Every bastard there was piskey

Fare thee well going away
There's nothing left to say
Farewell to new york city boys
To boston and pa
He took them out
With a well-aimed clout
He was often heard to say
I'm a free born man of the usa

He fought the champ in pittsburgh
And he slashed him to the ground
He took on tiny tartanella
And it only went one round
He never had no time for reds
For drink or dice or whores
And he never threw a fight
Unless the fight was right
So they sent him to the war

Fare thee well gone away
There's nothing left to say
With a slainte joe and erin go
My love's in amerikay
The calling of the rosary
Spanish wind from far away
I'm a free born man of the usa

This morning on the harbour
When i said goodbye to you
I remember how i swore
That i'd come back to you one day
And as the sunset came to meet
The evening on the hill
I told you i'd always love
I always did and i always will

Fare thee well gone away
There's nothing left to say
'cept to say adieu
To your eyes as blue
As the water in the bay
And to big jim dwyer
The man of wire
Who was often heard to say
I'm a free born man of the usa

(Body of An American - The Pogues)

Warren Widener

I watched every episode of The Wire from the beginning and I was said to see it go. I think the last 2 seasons were a gift because I had read that it was supposed to end after season 3. David Simon really has a knack for storytelling and creating a balanced view from different sides...the street, the cops, the schools, the docks, the paper, the justice system and the political system.

I really enjoyed watching the characters grow amidst the different twists and turns. Probably the most surprising survivor was Bubbles. If you missed seeing his life get turned arund through all of this you missed the silver lining in the show. probably the biggest tragedy was McNulty, even through if was softened a bit by the "wake".

What struck me most about the final episode is how everyone that you cared about stayed true to themeslves, regardless of the consequences. McNulty refused to pin extra murders on the homeless man guilty of the last two, Daniels refused to juke stats, the newpaper editor outed the lying reporter and Marlo returned to the streets.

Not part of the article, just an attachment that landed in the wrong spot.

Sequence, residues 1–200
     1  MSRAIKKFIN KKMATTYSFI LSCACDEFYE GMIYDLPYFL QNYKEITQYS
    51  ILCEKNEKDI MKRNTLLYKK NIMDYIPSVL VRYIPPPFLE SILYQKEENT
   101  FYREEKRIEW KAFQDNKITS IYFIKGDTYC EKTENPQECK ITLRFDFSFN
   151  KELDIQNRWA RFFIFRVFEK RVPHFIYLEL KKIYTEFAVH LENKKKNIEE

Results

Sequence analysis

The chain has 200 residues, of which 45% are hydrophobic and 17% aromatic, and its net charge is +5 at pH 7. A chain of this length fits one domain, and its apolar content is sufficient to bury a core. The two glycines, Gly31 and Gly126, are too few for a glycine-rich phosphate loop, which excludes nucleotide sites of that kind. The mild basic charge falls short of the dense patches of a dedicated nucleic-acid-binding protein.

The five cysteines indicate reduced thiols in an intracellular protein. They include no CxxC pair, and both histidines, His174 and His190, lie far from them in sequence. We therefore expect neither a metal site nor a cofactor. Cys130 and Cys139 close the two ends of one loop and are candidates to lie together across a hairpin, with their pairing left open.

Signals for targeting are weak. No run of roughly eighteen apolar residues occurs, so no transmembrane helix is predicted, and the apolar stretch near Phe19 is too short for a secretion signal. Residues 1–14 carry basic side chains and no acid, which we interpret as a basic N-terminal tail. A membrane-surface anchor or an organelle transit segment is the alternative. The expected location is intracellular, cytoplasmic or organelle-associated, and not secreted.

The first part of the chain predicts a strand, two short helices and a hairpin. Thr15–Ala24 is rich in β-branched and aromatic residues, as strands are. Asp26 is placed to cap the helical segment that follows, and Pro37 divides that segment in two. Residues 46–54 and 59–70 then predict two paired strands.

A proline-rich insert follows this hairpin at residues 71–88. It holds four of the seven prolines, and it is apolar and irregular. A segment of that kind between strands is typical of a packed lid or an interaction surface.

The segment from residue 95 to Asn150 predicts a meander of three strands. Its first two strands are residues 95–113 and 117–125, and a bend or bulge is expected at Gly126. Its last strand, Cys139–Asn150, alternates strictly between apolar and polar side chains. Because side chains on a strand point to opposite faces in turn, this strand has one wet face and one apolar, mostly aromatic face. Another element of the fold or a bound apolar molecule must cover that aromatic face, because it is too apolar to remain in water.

The last episode showed that you can "end" a series, while still providing the audience with a sense for what is still happening...the drug violence continues with Marlo, Bunk still works murders, Carcetti continues to rise politically and kids still turn to violence and drugs when the system fails them. The same thing happens over and over, just the faces change.

An excellent show that I am sad to see leave...

Katy

Great show, all 5 seasons were a gift. I watched the finale twice last night because I wanted to make it last longer. Thanks to everyone involved and who ever was responsible for making sure it didn't get canceled . I didn't discover The Wire till January of this year and own the first season on DVD and rented the others through NetFlix. I watched all 4 seasons on DVD and this past season on DVR and caught up just in time to see the finale live last night. I've been totally immersed in The Wire for the majority of 2008. I'm definitely sad its over and hope that it isn't the last show of its kind.

Katy

Great show, all 5 seasons were a gift. I watched the finale twice last night because I wanted to make it last longer. Thanks to everyone involved and who ever was responsible for making sure it didn't get canceled . I didn't discover The Wire till January of this year and own the first season on DVD and rented the others through NetFlix. I watched all 4 seasons on DVD and this past season on DVR and caught up just in time to see the finale live last night. I've been totally immersed in The Wire for the majority of 2008. I'm definitely sad its over and hope that it isn't the last show of its kind.

dachos

I felt the most compelling scene in the finale was the exchange between dukie and prezbo, where the emerging junkie taps his connections, slowly burning the bridges of his life- maybe circling back to bubbs' earlier days... it made the scene of dukie tying off in the ending sequence more poignant...

rukidding